To achieve the “freezing” effect, Nolfi didn’t have the budget to create entire CG characters, so he instructed his actors to stay as still as possible. “We then went in with CG to take out eye-blinks and arm movement — just stabling the actors,” he said.

How’d They Accomplish the “Door” Trick?
One of the coolest recurring effects is how adjusters are able to open doors in regular buildings that then lead, thanks to their supernatural powers, to vastly different locations. Instead of walking out onto the street, for example, they suddenly jump to Yankee Stadium. Nolfi and his team employed a variety of visual tricks to accomplish the task.

“Early on, when you’re just seeing that the room next door is not actually next to you but a totally different area, that’s a simple green screen,” he said. “It gets more complicated when you have to move people through those doors. When they’re moving through a door, we’d build part of the set [with both locations] and then make a cut. The most complicated is what we call an Escher staircase at the end, which was a huge set we built that allowed a very large techno-crane to be moved around for a continuous shot.”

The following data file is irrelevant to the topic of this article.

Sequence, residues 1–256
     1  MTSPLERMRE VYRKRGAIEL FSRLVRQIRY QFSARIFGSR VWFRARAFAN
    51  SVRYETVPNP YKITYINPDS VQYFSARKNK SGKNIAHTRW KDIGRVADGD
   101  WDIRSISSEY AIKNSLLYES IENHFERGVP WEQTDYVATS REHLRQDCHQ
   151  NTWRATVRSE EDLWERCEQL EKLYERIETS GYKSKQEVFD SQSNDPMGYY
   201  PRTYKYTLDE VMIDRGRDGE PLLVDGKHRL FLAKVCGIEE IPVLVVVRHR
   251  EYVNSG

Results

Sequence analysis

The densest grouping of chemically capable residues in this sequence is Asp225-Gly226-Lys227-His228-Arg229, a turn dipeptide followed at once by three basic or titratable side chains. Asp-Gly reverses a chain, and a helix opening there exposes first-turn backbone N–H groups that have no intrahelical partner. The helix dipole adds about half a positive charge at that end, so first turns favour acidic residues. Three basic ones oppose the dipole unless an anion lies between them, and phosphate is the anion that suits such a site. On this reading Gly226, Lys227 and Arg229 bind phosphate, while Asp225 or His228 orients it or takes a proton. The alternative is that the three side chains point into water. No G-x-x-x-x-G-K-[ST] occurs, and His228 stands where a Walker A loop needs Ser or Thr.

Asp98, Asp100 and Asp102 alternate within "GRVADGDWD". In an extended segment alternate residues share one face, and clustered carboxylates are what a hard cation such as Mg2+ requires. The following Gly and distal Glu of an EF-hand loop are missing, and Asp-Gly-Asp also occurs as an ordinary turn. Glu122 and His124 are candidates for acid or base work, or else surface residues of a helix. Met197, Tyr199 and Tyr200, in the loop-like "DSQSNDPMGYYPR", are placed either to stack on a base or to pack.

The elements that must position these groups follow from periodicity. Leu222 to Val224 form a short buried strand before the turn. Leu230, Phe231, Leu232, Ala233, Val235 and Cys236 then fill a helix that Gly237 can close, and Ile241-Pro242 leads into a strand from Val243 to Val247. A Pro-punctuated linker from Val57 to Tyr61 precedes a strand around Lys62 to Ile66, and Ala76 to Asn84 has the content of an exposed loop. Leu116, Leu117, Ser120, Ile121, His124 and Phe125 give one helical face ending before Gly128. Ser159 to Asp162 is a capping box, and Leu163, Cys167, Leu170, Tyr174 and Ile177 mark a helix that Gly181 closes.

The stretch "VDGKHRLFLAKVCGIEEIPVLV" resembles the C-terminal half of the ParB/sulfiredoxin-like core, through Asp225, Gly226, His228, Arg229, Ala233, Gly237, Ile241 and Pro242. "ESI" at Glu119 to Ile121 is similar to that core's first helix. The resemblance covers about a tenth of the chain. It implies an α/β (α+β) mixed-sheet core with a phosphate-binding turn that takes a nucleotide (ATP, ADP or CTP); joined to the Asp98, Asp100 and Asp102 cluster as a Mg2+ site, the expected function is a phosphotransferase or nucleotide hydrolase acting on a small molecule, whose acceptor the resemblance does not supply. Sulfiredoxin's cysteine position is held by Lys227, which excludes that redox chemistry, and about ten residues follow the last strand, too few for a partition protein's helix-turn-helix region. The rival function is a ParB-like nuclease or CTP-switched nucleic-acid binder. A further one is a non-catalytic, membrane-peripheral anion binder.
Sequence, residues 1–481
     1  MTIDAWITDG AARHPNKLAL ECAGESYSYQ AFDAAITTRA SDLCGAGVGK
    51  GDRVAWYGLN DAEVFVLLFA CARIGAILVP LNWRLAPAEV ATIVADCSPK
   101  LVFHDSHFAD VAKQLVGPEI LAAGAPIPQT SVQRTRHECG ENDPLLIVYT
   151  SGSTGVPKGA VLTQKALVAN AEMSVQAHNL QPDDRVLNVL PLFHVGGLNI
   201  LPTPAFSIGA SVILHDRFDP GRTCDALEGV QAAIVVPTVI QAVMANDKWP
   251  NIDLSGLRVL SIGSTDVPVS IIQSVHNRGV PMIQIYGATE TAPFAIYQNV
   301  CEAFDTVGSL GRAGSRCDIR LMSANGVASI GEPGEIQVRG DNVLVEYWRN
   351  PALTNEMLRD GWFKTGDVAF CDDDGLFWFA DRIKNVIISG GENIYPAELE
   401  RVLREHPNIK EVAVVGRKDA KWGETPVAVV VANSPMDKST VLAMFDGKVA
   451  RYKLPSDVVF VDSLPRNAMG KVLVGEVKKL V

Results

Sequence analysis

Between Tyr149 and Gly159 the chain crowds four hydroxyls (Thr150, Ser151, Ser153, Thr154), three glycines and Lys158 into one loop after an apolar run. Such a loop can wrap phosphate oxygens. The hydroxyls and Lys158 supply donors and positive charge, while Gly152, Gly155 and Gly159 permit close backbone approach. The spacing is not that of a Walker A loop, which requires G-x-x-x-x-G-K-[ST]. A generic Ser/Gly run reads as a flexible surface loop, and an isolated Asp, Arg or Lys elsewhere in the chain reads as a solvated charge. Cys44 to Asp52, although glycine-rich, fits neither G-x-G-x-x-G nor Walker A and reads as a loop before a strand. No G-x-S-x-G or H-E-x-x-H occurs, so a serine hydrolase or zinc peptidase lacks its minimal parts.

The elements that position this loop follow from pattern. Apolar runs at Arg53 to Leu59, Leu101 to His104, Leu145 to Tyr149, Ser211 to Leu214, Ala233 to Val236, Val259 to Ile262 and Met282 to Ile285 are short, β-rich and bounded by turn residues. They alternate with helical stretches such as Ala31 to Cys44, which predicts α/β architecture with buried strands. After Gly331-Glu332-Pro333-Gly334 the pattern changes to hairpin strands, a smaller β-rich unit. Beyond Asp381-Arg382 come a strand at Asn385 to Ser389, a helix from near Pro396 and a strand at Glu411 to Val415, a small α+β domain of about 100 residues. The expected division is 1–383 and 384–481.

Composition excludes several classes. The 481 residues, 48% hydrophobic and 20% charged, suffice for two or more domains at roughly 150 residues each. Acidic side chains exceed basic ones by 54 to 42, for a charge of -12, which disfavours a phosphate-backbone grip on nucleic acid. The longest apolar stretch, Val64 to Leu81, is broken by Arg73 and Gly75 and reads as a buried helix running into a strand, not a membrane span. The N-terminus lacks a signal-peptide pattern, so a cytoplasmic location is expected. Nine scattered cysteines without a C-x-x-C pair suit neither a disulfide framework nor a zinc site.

Where Did the Idea for the “Case Books” Come From?
As the adjusters follow Damon around, they constantly refer to a book filled with shifting symbols that essentially provides a map for the politician’s fate. The concept for what Nolfi dubbed the “case book” was born, once again, of the desire for a low-fi technology.

“It was part of this idea that they don’t have fancy, whiz-bang technology, but rather they had this supernatural ability that flows through almost dated-seeming technology,” he told us. “Instead of a computer tablet, which would be the way you go if you’re making ‘Minority Report,’ we went with a book.

“In terms of what’s in the book, the shifting lines and stuff,” he added, “I had this conception of them being circuit diagrams. It harkens back to the old days.”

How’d They Make Emily Blunt Look Like Such a Great Ballerina?
Ballet is certainly in the pop-culture ether. Just ask “Black Swan” star and recent Oscar winner Natalie Portman. Blunt plays Damon’s love interest, an up-and-coming ballerina about to hit the big time. Like Portman, Blunt trained for months, six days a week, to twist and turn like a ballerina. In front of the camera for her main ballet scene, she did the majority of the dancing, while a pro subbed in for the most difficult moves.

What’s most interesting about the scene is how different it looks from the rest of the film. That was no mistake.

“When the bureau was in control on the situations, the shots were elegant and controlled and formal and smooth,” Nolfi said. “When they’re not in control, it becomes more handheld. But for the dance scene, it didn’t fit into either of those choices. We wanted to convey the beauty of dance: It’s control and yet it’s freedom. I wanted full body shots, the face and the feet. We moved the camera back and forth on a dolly so there was a sense of movement. It was Emily’s moment, and she was unbelievable.”

Check out everything we’ve got on “The Adjustment Bureau.”